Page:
Armed with mountains of data, reams of corporate filings and advice from professionals, investors often rely on a range of emotions to make financial decisions – whether they realize it or not. And those underlying feelings can present roadblocks to rational investing.
During a presentation for wealth managers at the Hyatt Regency in Garden Grove, speaker Frank Murtha described a scenario in which an investor gets cold feet. The market has dropped to a point where the investor previously said he'd be comfortable buying some stocks, but he's nervous and tells his investment adviser he'd like to hold off. When the market goes back up, the investor is angry he missed out on the opportunity to make money.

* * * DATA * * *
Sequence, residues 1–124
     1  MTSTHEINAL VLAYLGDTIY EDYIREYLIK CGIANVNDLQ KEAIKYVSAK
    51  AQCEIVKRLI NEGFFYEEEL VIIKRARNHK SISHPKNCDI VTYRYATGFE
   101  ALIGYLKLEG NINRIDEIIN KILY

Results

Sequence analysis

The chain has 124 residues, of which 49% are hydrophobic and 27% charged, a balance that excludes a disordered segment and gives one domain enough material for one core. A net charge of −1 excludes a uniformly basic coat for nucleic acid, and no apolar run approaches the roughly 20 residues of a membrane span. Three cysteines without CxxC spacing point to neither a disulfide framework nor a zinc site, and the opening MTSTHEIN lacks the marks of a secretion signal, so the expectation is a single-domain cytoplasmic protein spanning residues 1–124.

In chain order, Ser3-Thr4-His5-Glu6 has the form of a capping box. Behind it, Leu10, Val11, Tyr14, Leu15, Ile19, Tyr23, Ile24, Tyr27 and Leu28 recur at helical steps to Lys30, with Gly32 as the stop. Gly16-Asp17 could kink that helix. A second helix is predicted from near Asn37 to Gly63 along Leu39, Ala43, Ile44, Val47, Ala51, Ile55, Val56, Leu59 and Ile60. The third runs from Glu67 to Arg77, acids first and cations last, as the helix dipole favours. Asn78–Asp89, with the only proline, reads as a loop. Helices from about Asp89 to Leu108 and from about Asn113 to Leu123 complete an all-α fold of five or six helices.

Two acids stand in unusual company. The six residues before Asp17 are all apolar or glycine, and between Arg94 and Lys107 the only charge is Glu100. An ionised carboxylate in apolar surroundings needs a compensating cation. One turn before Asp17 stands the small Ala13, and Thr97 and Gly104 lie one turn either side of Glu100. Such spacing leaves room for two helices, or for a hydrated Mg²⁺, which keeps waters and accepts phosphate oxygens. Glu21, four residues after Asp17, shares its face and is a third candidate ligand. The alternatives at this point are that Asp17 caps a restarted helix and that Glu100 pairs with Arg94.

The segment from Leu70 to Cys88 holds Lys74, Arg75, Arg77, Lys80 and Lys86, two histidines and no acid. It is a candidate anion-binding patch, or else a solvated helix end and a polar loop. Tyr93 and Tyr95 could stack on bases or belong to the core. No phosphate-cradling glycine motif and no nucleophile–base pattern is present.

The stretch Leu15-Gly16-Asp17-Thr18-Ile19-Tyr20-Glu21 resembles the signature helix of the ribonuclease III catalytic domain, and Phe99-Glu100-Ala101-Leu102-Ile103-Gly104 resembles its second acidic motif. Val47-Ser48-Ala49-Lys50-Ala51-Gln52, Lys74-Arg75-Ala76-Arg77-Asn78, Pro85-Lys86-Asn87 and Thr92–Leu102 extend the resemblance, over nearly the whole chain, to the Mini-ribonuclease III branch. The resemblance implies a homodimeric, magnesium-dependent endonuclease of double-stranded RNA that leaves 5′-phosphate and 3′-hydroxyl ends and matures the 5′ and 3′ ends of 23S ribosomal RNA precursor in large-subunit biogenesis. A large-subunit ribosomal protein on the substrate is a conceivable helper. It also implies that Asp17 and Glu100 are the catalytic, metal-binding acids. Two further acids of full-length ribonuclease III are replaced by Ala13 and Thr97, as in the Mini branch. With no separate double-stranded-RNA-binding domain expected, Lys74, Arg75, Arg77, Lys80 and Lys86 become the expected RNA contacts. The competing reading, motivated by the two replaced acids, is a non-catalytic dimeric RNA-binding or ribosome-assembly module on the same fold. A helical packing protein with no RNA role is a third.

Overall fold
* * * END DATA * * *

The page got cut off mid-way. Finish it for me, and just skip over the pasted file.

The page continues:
“There is nothing more emotional and less rational than the relationship that people have with their money,” Murtha, who holds a doctorate in counseling psychology, told the audience at the CFA Institute's wealth management conference. His firm MarketPsych LLC conducts behavioral finance research and consults within the financial industry.
Murtha sat down with the Register to discuss behavioral finance.